First, a word about laws, programs, and philosophy. The Americans with Disabilities Act (ADA) is a law that specifies standards of accessibility for public buildings. It does not regulate private dwellings, but some of its guidelines serve as a good starting place for designing an accessible home.
Aging in Place is a concept aimed at making homes hospitable to an owner’s changing needs as they age, intending to allow them to remain comfortably at home as long as possible. The NAHB has a certificate course called the Certified Aging in Place Specialist (CAPS) program, of which Bruce and Tyler are both graduates.
Universal Design is a broad design philosophy that aims at making built environments easier to use and navigate for users of all ages and abilities while at the same time not requiring every building to look like a hospital. It encompasses the accessibility of the ADA and the ideas behind Aging in Place, but goes beyond them both. We are students of Universal Design.
- US Access Board’s “Wheelchair Maneuvering” video – the basic guidelines for designing for wheeled movement. We highly recommend that you watch this: you may be very surprised at what is required.
- Universal Design by HomeAdvisor – An brief and interesting excursion into the historical reasons why our homes are typically not accessible, along with a few sensible recommendations for improvement.
- Accessible University – Extensive resource developed by a Canadian organization. Bear in mind that their estimates of cost probably assume you’re remodeling and may be in Canadian currency, so don’t let it scare you off from asking us to estimate the cost.
- Universal Homes: Accessibility is Beautiful – video series by the Cerebral Palsy Foundation
- Universal Design #46 | Mid-Century Modern by Rom Architecture & Karen Braitmayer – an extended look at a home well designed for its owner’s specific needs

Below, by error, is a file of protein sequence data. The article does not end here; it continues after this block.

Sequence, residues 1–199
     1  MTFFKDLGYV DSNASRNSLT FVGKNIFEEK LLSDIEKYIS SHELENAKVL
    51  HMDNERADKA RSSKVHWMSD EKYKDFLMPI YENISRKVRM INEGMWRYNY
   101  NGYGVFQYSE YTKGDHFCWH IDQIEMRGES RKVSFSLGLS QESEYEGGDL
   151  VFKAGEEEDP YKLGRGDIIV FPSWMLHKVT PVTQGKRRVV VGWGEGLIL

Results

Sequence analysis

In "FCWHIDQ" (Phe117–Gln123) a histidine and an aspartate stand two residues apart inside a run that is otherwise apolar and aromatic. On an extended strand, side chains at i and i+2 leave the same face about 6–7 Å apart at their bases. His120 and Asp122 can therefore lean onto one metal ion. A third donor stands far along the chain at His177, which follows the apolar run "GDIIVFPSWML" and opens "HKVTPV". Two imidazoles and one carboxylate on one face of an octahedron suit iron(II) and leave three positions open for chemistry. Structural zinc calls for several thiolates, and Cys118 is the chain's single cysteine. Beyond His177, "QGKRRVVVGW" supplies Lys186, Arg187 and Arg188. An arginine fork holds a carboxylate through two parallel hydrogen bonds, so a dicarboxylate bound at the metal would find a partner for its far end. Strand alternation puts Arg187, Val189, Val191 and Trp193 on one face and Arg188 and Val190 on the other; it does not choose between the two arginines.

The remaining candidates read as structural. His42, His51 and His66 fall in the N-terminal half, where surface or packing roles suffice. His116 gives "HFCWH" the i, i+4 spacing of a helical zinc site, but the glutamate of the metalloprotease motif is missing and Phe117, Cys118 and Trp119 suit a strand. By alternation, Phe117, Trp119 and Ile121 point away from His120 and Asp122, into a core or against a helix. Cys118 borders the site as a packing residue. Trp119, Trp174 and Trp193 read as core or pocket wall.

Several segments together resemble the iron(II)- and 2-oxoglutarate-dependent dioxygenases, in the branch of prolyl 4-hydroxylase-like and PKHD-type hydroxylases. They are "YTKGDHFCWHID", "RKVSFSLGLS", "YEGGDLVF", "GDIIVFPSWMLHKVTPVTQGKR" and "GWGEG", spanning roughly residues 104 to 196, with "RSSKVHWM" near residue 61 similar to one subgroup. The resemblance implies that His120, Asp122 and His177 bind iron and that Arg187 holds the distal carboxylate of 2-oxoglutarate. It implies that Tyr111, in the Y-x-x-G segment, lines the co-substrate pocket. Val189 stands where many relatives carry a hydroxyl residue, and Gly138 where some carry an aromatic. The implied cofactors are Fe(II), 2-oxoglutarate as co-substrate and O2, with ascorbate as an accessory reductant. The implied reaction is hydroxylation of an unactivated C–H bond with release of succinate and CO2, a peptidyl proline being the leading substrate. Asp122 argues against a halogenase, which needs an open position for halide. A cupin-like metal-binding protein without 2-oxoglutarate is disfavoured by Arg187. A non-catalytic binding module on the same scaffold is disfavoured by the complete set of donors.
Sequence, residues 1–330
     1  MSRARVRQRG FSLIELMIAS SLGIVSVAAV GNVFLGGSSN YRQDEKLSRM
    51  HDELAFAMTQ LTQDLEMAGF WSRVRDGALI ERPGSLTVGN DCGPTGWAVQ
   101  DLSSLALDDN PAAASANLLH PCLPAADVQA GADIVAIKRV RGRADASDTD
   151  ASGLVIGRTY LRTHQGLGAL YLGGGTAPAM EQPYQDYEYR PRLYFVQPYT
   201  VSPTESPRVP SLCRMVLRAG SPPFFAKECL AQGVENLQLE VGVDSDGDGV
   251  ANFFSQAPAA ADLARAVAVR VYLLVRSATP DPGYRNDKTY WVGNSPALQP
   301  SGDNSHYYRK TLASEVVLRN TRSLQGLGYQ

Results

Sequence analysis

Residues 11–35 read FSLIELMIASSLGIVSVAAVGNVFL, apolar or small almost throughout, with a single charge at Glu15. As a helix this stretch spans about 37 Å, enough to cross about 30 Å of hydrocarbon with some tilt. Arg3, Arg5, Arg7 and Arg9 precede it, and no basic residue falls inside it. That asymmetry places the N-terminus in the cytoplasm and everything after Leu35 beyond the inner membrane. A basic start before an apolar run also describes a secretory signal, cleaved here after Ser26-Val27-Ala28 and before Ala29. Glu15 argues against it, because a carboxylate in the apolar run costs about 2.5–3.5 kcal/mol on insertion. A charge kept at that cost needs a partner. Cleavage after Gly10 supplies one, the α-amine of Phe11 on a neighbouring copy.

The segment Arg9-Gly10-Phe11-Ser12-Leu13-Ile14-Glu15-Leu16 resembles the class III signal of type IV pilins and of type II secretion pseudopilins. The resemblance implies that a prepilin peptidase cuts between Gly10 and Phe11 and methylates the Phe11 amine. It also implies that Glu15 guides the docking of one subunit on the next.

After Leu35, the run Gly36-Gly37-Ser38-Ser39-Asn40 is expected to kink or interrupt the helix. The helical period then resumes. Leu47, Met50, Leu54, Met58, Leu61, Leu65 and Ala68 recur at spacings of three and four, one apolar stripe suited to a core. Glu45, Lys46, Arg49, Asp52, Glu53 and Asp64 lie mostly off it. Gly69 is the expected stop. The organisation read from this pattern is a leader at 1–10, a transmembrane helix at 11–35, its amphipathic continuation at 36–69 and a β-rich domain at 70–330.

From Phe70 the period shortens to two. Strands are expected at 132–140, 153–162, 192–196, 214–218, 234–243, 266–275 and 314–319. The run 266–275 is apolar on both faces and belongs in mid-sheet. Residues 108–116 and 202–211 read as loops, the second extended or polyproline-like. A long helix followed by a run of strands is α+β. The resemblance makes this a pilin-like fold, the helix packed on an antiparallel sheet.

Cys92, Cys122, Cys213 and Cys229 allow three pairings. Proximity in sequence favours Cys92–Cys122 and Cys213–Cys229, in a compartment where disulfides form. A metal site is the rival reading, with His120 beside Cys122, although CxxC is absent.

Our Basic Recommendations
When you are building a custom home, you can make use of whichever and however many of the ideas from the ADA, Aging in Place, and Universal Design you want. If you have existing needs, we would highly recommend that you get a list of specific recommendations for present and future needs from an occupational therapist. (If needed, we can refer you to one that has experience working with home design). If you just wish to make your home more accessible against future possibilities, we can make some basic recommendations that will lay an excellent foundation that you can build on now or later. We encourage you to always consider incorporating universal design ideas when designing rooms or choosing products from our vendors. Keep in mind that choosing these options now may cost very little, whereas the cost of achieving them later can be very expensive. These would include the following:
- Pour garage, porches, and sidewalks without steps
- Use ADA thresholds on exterior doors
- Use 3′ doors inside wherever accessibility is desired
- Ensure space requirements are met in hallways, on the latch end of the hinged side of a door, in rooms, etc
- Use a curbless shower
- Use lever style door hardware
- Use single handle plumbing fixtures
- Use rocker light switches instead of toggle
- Use LED light bulbs with sufficient wattage and appropriate temperature for different areas and tasks.
- Use comfort height toilets (17″+)
- Lower light switches
- Raise receptacles